National Geographic : 1951 Dec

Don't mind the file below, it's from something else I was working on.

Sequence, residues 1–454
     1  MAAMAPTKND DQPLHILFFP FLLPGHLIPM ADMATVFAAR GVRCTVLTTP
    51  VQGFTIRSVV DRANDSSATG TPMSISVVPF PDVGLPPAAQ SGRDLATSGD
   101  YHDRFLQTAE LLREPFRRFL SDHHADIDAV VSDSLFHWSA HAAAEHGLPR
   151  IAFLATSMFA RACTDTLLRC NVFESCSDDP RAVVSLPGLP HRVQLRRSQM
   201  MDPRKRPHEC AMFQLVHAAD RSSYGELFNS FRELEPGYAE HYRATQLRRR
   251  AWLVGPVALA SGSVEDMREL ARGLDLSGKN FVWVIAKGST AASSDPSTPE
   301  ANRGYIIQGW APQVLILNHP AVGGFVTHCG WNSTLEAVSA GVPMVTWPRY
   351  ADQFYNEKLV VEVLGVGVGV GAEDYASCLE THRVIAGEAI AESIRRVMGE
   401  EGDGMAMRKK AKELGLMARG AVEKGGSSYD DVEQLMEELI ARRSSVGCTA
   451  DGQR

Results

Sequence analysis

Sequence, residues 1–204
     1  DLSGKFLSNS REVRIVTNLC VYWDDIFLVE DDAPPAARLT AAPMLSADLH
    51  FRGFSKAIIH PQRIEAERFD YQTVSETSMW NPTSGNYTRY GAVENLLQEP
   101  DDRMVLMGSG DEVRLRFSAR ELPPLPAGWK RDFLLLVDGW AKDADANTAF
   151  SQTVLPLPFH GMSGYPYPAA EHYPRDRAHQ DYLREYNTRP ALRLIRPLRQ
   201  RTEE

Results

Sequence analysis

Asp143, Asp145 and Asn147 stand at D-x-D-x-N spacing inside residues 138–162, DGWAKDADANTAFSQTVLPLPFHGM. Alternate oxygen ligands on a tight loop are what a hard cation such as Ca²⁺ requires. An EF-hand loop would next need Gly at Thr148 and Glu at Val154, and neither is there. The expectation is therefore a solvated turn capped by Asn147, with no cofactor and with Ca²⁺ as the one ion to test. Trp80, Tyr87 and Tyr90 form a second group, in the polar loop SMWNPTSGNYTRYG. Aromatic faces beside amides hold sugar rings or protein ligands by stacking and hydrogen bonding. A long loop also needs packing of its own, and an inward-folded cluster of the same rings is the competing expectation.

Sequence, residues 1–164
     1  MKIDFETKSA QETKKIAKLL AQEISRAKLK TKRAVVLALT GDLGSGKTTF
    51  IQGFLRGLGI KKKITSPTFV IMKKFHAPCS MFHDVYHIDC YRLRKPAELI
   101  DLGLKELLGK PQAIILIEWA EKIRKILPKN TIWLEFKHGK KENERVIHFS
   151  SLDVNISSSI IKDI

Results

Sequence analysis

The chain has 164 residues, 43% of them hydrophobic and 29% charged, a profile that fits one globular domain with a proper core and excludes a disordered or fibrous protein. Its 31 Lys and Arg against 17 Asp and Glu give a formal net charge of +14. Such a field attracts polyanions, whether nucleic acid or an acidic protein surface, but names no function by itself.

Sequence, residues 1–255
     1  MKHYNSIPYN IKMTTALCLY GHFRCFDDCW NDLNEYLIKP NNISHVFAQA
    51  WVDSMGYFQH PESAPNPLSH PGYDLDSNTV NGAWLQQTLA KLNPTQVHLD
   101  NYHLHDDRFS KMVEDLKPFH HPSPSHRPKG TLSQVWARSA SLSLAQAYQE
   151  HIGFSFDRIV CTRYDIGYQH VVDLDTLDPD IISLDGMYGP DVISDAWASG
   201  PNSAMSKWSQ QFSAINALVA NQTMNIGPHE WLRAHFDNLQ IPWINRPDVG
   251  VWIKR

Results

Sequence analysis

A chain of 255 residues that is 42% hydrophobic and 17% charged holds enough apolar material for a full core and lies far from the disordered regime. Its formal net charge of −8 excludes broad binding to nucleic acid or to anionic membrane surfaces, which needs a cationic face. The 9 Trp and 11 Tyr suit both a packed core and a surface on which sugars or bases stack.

747 National Geogral)lic Ihotograpller J. Baylor Roberts Pakistan's Rifle Imitators, Who Copy Famous Firearms, Make Feuding Inexpensive Fighting Afridi tribesmen, like old-time Western cattlemen, feel undressed without a rifle; some have com mitted murder to get one. In Kohat Pass's rude arsenal they make their own, imitating the best Western models. Bearded blacksmiths heat gun barrels in primitive forges; boys drill the rifle bores on machines using wagon wheels as flywheels; woodworkers whittle gunstocks held between toes. Chief Akbar Shahkhan (seated, right) fondles a homemade Lee-Enfield. Using it, he bested the author in a shooting match. arriving at 2:30 a.m. (page 736).* But the cloud-filtered moonlight was too weak for Joe's camera. I stretched out on the hard stone pavement and thought of its builder, Emperor Shah Jahan, who, with his beloved wife Mumtaz-i-Mahal, lies beneath its dome in eternal sleep. And soon I too slept. Sitting out a Siamese Revolution Taking to the air again, we flew to Bangkok and were met by a friendly and efficient Pan American official, Lambeth Renstrom. On the way to town he lamented the fact that, six months before, his bride of two weeks and all other company wives had been or dered back to the States as a precaution, be cause of uncertain political conditions. "But obviously there was no need of it," said Renstrom. "Nothing has happened!" A few minutes later, Renstrom stopped in his office and came out excitedly announcing that Premier Pibul had been kidnaped and a revolution had broken out. "Why, they've even thrown up a road block between here and the airport! We'd have seen it if we had looked behind us," he exclaimed. "But don't worry," continued Renstrom, "there will be a little harmless shooting to night, and tomorrow morning when you wake up it will be all over." That evening we heard only that the contest was between Thailand's Army and Navy. The shooting was sporadic and seemingly not near enough our hotel to be alarming. At 3 a.m. the shooting could no longer pass for sporadic. By 7 a.m. Thailand's Army Air Force was dive-bombing and strafing the naval barracks across the river, and our hotel seemed to be a check point for the bomb run. Soon the planes scored a hit on the Navy's oil depot. Flames and billowing black smoke filled the sky. Just then there was an ear-splitting ka wham in the river some 30 yards from the * See "Delhi, Capital of a New Dominion," by Phillips Talbot, NATIONAL GEOGRAPHIC MAGAZINE, November, 1947.